Calibration can be done at a customer facility, or at an outside calibration lab. When the technician goes to a customer facility, Hughes points out that it doesn’t take less time to calibrate, but the difference is that the technician can hand it back to you instantaneously. “Most quality control departments understand you can’t really rush quality,” Hughes says. Nonetheless, the calibration labs do try to get the equipment back quickly.

If any piece of test equipment is out of tolerance, customers should consider how it is out of tolerance and what options are available, such as if it can be adjusted. If an adjustment is not possible, perhaps a special or limited calibration would be an option. In this type of situation, the customer would recognize what was out of tolerance and see if this could be worked around. “Generally speaking, when the unit is significantly out of tolerance, it can’t be adjusted,” Hughes says. In that case, “eventually, preferably soon, replacement is a good option.” In some situations, the items could be repaired by a qualified repair facility.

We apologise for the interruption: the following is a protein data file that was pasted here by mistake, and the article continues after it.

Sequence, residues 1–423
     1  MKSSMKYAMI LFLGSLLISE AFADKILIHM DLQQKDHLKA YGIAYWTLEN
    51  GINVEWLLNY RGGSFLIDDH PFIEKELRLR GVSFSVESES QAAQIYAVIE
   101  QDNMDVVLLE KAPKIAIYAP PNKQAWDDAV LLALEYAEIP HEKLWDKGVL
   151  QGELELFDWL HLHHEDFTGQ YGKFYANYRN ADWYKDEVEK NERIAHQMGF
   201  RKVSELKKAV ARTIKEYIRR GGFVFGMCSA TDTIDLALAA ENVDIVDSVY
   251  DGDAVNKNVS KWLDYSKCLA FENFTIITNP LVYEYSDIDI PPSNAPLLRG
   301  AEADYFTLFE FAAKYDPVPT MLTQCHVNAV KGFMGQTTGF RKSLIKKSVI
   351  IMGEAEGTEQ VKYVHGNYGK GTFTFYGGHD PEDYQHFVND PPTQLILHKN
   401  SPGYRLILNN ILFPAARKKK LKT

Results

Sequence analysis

And speaking of qualified facilities, calibration lab standards have changed.

When applicable, Intertek also lets clients know about changes to calibration standards, such as ISO/IEC 17025: 2017. According to ISO, “ISO/IEC 17025 enables laboratories to demonstrate that they operate competently and generate valid results, thereby promoting confidence in their work both nationally and around the world. It also helps facilitate cooperation between laboratories and other bodies by generating wider acceptance of results between countries.” 

For customers considering a calibration lab, Hughes recommends talking to the people involved, viewing the calibration facility and looking at how the lab operates.

One of the priorities for any potential customer should be talking to the people involved. Most labs allow a customer to view the calibration facility. These calibration techs are handling your equipment so it makes sense to see how they operate.

The important thing is to make calibration a priority. And for best results, consider quality rather than cost.

“I have seen some strange things that usually occur when someone is not properly educated in proper means of calibration,” Hangartner says, “or when they are trying to cut corners and let expense dictate the calibration applications.”